This oddball Italian production stars Elizabeth Taylor as a demented woman searching Europe for the right man to murder her during sex. Yes, La Liz zooms way past the extremes of Suddenly, Last Summer (1959) and Who’s Afraid of Virginia Woolf? (1966), playing one of the most unhinged characters of her long career. Alas, the underlying material is so artificial that Taylor can’t fully exploit her powerful commitment to investigating dark corners of the human psyche; instead of incarnating a believably sick person, she ends up presenting a caricature of sociopathic behavior. For instance, at one point Taylor berates a store clerk in the following nonsensical fashion: “Who asked you for a stain-resistant dress? Don’t just stand there looking like a chicken with one eye! Help me!” Later, she sholds a would-be suitor who claims he needs to ejaculate daily as part of his macrobiotic diet. (Yes, you read that right.) Taylor’s reply: “When I diet, I diet, and when I orgasm, I orgasm! I don’t believe in mixing the two cultures!” While there’s always camp value in watching Taylor ride the train to Freakytown, The Driver’s Seat is so humorless, repetitive, and sluggish that watching the movie is a chore.
Based on a novel by Muriel Spark, the picture tracks the adventures of Lise (Taylor), a European woman who embarks on a meandering quest that takes her through several cities and several lovers. Lise is full of contradictions—even though she periodically indicates that she’s on an urgent mission, she also makes time for shopping excursions. Similarly, Lise courts various men, only to repel their physical advances once she determines they’re not right for her purposes. Lise is a mess, but not a credible or interesting mess. Periodically, the filmmakers cut from Lise to interrogation scenes featuring one of her former suitors. This element doesn’t work, either, partially because the temporal relationship between the two narrative threads is murky, and partially because the man being interrogated seems as bizarre as Lise. Since the filmmakers forgot to provide pockets of normalcy amid the pain-freak stuff, there’s nothing for rational viewers to grasp. Adding to the weirdness is the presence of NYC art icon Andy Warhol in a supporting role, though his speaking voice was jarringly replaced with that of an Englishman. So, even though Taylor devours her role—and even though cinematographer Vittorio Storaro gives nearly every scene some level of visual dynamism—The Driver’s Seat ultimately becomes a heap of gruesome nonsense.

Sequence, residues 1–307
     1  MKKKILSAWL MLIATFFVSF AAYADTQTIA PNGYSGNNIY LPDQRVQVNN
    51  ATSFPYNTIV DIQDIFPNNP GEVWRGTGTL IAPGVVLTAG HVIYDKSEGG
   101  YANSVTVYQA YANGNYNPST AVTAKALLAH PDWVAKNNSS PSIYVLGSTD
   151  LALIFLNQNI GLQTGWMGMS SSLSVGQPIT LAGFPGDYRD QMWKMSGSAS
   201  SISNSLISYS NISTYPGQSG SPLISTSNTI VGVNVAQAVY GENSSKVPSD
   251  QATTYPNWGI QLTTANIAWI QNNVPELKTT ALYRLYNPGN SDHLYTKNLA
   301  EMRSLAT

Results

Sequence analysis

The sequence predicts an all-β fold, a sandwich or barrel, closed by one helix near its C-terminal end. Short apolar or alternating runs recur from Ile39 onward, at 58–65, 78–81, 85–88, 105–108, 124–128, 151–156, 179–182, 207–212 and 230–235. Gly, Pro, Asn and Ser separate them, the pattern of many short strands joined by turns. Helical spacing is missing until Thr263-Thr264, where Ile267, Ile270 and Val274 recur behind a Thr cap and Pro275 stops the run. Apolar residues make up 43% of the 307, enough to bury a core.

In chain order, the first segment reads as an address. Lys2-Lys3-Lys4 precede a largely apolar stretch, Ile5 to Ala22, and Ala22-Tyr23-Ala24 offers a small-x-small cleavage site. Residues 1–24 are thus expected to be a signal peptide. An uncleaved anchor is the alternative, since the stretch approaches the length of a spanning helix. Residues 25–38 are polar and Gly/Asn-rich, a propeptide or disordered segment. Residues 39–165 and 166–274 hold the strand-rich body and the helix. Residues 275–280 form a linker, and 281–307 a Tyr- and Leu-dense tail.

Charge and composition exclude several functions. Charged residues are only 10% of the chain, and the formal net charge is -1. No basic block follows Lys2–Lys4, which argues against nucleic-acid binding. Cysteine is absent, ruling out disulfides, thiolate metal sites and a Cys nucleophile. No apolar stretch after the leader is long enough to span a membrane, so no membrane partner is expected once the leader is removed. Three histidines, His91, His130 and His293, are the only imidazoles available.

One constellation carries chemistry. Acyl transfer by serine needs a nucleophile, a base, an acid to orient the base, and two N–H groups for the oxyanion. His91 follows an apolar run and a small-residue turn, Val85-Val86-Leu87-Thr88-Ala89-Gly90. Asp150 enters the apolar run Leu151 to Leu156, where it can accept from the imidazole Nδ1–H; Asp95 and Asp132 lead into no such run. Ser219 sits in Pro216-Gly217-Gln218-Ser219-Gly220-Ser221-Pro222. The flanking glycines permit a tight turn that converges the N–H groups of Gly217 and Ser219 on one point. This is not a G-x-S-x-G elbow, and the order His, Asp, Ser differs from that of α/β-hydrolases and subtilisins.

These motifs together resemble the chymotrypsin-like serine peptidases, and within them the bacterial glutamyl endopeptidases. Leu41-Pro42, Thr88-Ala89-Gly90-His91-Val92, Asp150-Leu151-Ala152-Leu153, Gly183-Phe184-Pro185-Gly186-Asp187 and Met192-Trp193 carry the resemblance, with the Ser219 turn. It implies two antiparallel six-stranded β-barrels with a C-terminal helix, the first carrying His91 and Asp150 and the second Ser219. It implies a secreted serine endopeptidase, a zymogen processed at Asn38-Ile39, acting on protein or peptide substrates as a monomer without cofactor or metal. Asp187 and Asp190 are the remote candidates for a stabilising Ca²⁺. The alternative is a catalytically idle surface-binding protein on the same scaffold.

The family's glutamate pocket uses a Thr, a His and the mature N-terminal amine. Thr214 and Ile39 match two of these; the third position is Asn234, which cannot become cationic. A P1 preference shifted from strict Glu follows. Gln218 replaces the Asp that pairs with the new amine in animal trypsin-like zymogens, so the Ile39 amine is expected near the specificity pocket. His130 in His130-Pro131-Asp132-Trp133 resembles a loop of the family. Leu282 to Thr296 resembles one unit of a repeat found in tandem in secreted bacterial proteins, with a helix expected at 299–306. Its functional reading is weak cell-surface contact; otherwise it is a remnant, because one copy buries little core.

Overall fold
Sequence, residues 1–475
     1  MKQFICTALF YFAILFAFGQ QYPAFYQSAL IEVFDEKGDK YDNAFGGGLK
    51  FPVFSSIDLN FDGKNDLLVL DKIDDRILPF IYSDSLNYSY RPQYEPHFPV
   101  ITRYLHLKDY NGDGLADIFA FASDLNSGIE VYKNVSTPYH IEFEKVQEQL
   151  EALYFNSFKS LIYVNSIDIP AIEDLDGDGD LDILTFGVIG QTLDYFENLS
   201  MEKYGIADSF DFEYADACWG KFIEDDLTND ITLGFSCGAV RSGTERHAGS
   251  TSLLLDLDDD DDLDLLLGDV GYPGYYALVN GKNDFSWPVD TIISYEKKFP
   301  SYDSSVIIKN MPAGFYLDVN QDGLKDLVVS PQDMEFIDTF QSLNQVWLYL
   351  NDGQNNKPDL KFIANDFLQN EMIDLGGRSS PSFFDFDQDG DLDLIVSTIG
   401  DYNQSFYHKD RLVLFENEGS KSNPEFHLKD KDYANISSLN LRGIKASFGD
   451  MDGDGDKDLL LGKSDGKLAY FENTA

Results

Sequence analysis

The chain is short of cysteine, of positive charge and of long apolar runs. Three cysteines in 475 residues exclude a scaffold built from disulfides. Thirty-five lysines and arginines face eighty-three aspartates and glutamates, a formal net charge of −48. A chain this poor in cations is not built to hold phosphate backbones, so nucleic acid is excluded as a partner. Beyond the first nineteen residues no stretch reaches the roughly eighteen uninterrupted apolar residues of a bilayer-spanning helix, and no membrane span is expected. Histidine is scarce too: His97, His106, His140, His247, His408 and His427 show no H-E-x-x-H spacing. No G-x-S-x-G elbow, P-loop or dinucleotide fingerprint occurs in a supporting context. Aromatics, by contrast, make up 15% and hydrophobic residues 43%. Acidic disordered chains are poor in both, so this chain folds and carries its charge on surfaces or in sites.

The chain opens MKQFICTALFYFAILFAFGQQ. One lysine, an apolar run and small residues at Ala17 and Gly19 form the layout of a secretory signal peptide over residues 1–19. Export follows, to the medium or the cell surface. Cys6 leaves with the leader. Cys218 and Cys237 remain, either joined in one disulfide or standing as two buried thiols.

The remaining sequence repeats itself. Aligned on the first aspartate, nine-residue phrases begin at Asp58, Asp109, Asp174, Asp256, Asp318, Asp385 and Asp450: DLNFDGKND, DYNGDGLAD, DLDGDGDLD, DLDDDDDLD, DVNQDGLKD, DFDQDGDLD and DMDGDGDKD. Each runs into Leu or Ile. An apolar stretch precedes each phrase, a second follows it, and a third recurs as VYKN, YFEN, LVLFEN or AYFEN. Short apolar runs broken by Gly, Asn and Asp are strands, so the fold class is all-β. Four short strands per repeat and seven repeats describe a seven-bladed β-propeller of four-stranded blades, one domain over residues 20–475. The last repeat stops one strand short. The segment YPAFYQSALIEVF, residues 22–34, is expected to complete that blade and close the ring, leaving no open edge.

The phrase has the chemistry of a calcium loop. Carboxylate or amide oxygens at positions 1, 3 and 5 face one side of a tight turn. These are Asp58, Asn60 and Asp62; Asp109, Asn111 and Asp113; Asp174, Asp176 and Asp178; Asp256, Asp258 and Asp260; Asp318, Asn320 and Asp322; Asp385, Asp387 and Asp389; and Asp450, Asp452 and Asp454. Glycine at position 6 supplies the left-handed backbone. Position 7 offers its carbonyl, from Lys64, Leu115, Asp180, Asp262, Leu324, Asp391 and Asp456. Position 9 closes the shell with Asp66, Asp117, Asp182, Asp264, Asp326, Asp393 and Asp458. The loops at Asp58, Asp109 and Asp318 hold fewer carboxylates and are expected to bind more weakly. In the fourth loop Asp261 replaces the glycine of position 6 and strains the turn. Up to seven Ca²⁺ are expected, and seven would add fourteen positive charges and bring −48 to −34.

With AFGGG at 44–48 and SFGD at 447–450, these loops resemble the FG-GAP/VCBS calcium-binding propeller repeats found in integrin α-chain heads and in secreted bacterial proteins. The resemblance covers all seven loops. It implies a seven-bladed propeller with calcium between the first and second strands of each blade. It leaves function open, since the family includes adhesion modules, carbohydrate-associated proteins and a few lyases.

The Driver’s Seat: LAME